If Shakespeare had been contemplating the installation of a CB antenna on his carriage, he might have said, "To drill or not to drill … that is the question!" But, you don't have to be poetic to face the same question. Having laid out a huge chunk of change for one of today's motorized carriages, it can give you goose bumps to think about boring holes through it. Perhaps this will help with your decision.
We understand the reluctance of most people to drill holes in their vehicle. The industry is always coming up with mounts that eliminate the need to drill holes in the vehicle's exterior. Aside from magnetic mounts, there are many varieties of clamp-on mirror mounts, trunk lip mounts, rain gutter mounts, and bumper mounts. There are also many types of mounts that require holes for mounting but they are placed in areas that are not exposed; such as the trunk or hood channel. Nonetheless, the auto industry continues to make changes and introduce new models in a seemingly anti-mount program. We will always be behind.
Generally speaking, permanently mounted antennas allow you to take advantage of the most efficient location on any particular vehicle. On metal base vehicles with a single antenna, the closer the antenna is mounted to the center of mass, the better. And, permanent mounts, unlike magnetic mounts, offer a solid chassis ground. Position and good grounding can make a huge difference in how your system performs. Of course, this is an idealistic viewpoint. Perfect positioning is the exception … not the rule.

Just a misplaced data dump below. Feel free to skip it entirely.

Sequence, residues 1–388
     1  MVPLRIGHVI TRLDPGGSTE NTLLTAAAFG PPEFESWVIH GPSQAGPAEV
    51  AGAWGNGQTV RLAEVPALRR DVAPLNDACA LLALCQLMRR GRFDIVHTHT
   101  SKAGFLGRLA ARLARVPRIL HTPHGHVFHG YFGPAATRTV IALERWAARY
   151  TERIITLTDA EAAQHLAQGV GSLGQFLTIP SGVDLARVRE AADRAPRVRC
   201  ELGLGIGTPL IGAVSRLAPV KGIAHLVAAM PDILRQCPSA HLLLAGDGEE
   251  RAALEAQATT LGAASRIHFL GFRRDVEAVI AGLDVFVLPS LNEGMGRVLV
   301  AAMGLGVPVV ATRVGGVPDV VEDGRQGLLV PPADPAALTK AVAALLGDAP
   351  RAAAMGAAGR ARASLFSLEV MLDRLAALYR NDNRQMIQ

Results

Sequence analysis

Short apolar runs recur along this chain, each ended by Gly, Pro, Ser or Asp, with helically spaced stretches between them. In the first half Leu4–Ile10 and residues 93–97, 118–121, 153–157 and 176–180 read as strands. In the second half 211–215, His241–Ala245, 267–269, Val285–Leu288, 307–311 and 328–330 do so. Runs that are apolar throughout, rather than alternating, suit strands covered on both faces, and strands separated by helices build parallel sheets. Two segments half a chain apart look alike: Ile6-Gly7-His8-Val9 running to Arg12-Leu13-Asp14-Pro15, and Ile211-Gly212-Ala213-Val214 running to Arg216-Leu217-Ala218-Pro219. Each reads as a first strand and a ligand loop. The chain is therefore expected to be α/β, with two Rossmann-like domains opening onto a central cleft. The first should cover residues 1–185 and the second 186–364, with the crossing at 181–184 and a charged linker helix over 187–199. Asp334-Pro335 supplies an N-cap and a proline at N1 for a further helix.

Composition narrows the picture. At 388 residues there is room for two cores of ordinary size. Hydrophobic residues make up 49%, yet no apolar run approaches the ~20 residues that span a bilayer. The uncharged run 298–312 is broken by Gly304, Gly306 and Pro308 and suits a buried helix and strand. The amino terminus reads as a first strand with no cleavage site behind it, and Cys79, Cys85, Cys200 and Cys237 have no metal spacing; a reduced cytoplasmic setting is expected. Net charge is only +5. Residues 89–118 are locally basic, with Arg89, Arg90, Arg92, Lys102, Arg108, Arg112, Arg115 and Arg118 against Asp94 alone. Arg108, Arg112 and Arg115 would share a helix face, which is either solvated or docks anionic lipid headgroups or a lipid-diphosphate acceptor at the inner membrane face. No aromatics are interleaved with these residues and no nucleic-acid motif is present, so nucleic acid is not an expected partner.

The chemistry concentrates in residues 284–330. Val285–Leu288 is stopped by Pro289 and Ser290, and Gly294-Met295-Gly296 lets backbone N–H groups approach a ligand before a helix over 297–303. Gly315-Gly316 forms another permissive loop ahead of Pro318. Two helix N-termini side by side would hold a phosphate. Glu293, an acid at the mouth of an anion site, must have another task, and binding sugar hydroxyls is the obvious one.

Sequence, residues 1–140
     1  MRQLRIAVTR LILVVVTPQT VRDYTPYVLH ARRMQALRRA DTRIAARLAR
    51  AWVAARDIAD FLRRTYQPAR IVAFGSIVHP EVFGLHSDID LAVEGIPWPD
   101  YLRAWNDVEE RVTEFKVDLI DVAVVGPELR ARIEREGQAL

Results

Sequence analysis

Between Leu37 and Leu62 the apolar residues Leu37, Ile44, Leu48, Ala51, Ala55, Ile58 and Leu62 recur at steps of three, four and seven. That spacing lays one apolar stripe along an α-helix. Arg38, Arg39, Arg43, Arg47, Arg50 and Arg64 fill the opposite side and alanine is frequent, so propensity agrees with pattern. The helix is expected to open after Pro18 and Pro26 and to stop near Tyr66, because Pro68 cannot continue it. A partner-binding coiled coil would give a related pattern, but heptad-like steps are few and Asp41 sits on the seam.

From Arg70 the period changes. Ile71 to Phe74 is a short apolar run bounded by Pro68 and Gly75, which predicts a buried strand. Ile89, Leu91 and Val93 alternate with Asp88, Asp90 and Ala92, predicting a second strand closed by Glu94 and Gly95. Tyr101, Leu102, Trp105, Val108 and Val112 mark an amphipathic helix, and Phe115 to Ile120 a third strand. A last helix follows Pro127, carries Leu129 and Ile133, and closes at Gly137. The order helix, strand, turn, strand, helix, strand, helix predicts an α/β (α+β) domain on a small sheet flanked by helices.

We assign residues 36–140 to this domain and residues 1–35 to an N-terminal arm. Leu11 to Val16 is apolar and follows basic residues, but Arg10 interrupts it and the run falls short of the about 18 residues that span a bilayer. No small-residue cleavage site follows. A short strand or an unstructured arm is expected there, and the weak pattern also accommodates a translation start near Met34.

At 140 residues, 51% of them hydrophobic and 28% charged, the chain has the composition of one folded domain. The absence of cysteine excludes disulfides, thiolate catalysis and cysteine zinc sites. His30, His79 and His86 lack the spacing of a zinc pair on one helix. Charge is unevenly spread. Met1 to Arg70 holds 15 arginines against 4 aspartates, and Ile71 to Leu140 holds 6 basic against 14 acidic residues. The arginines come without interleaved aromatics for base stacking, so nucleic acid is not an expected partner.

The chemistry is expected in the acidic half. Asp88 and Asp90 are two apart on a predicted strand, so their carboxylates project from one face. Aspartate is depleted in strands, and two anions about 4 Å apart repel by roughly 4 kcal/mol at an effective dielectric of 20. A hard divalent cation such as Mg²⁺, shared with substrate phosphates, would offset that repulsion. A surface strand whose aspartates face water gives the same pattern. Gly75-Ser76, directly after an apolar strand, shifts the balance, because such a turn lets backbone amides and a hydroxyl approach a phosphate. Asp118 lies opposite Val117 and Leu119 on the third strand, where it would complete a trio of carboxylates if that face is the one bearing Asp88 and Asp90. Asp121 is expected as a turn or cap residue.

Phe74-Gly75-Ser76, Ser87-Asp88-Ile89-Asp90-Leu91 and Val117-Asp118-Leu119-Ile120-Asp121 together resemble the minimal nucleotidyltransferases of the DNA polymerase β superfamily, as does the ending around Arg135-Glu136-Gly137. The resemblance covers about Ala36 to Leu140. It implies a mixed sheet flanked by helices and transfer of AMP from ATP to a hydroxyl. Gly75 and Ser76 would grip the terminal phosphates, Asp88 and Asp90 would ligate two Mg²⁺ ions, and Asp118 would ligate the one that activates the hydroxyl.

The biggest problem that is encountered with the "no-holes" installer involves the coax cable. If they won't drill a hole for the mount, they certainly won't want to drill a hole for the coax cable. It is amazing how much abuse the coax gets. People bend it, stretch it, kink it, cut it, splice it, pinch it, slam it, knot it, and neglect it in unimaginable ways. Ahhhh! The coax is the main artery to your antenna. You cannot abuse it and expect your system to work efficiently. That skinny piece of cable carries the lifeblood of your communications to and from your antenna. No matter how good your antenna is, abused coax will nullify its value. If we could only convince you to drill one hole, it would be for the routing of the coax.
Before you decide not to drill, think why! If you plan to keep your vehicle for many years and plan to keep a CB in it, I would say get out the drill and do a professional install that will last. If you don't, you will probably end up replacing your coax several times or find that the damage to the coax caused damage to the radio. Worst case, drill holes for the coax. A professionally mounted antenna and cable will add value to the vehicle, especially if it is a pick-up, motorhome, or van (mini or full size). We have bought and sold many vehicles and have never heard one person say, "Gee! I'd buy it if it wasn't for the nicely installed CB system." On the contrary, buyers look at it as an added feature.
So, if you hear, or are thinking, "Holeo! Holeo! Where for art thou holeo?" Go get your drill. Your fears are "Much ado about nothing."
Go here to read about and see a vehicle that was drilled to mount a Firestik. Crazy!